# Green's Theorem Double Integration Changing the Order

I've been trying to work out how to change the order of integration (my tutor requested both ways - this is not a homework assignment) for the following problem when calculating using Green's Theorem:

$$\oint\limits_C (6y - 3y^2 + x)~ \delta x + yx^3~ \delta y$$ where C is shown in the image below.

I believe the correct solution is: $$\oint\limits_{C} (6y - 3y^2 + x) \delta~ x + yx^3 \delta~ y = \int\int\limits_D \frac{\delta Q}{\delta x} - \frac{\delta P}{\delta y}~ \delta A = \int\limits_0^1\int\limits_{3x}^{5x} 3yx^2 - 6 + 6y~ \delta y~ \delta x = 14.8$$

I am trying to calculate the same integral but with the order of integration the other way round (dx first then dy but can't seem to find the right limits that yield the same solution.

I believe the limits for the outer integral is 0 to 5 and that the inner integral involves using y/5 and y/3 but I'm not sure how to do this.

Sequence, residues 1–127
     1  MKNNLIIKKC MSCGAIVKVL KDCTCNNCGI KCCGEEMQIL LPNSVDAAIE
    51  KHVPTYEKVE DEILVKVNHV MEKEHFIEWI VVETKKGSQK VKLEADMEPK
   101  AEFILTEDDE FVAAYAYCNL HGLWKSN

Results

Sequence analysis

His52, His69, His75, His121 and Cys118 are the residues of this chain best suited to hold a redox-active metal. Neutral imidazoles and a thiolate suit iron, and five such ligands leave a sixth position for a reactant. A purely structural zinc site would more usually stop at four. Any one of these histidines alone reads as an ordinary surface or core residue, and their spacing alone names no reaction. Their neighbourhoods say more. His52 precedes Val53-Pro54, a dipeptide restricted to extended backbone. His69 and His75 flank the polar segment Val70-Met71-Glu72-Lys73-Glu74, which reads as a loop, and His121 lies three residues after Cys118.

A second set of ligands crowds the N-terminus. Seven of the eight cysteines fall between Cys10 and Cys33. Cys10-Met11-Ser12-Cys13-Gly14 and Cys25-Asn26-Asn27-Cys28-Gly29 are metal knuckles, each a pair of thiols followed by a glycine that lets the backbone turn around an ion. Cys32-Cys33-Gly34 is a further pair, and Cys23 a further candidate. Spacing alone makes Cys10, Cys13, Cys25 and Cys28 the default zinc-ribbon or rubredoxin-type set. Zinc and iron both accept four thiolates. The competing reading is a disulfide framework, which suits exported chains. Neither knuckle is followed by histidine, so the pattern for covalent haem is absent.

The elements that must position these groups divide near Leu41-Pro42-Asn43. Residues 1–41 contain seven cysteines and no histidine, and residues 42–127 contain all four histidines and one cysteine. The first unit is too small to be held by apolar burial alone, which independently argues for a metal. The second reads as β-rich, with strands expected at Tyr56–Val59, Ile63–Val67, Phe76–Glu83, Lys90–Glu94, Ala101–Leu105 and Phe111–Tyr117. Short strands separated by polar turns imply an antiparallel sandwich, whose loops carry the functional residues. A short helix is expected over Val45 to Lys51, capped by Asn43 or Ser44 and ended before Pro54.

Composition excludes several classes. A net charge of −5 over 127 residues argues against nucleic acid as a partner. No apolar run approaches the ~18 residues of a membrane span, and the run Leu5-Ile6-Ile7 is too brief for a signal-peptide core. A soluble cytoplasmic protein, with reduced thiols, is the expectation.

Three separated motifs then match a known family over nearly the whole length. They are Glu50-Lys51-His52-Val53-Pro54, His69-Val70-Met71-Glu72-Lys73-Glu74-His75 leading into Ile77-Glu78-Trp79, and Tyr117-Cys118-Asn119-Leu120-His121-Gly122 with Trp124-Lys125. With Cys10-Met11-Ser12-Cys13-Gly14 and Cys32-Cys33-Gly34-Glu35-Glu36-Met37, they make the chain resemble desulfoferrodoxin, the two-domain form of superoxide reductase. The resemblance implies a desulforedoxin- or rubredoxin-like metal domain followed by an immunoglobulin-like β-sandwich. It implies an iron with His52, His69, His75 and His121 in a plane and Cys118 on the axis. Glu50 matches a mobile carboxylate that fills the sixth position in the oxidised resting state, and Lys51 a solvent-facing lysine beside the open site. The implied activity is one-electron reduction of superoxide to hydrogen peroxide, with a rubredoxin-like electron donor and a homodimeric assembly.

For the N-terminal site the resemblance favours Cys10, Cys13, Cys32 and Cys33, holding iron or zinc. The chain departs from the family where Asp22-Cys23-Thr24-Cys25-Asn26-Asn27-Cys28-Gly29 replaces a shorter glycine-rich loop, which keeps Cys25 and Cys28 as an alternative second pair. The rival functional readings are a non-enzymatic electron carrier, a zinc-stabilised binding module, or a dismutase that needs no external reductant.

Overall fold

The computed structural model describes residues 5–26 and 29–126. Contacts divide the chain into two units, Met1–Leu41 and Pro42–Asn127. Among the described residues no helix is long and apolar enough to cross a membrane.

Hope that makes sense and thanks in advance for your help!

## 1 Answer

If you are changing the order and integrating wrt $$dx$$ first, then you need to split your integral into two.

i) First between $$0 \leq y \leq 3$$, notice that $$x$$ is bound between lines $$y = 5x$$ and $$y = 3x$$.

So $$\frac{y}{5} \leq x \leq \frac{y}{3}$$

ii) Now between $$3 \leq y \leq 5$$, note that the lower bound of $$x$$ continues to be defined by the line $$y = 5x$$ but the upper bound is defined by line $$x = 1$$.

So the second integral will have bounds $$3 \leq y \leq 5, \frac{y}{5} \leq x \leq 1$$.

Can you take it from here? Let me know if any questions.

• I see. I thought it would be able to be done in a single integral. I see the reasoning for splitting into two is that the upper bound changes for the two intervals for y. Thank you so much!! Mar 6, 2021 at 14:50
• You are welcome! Mar 6, 2021 at 14:50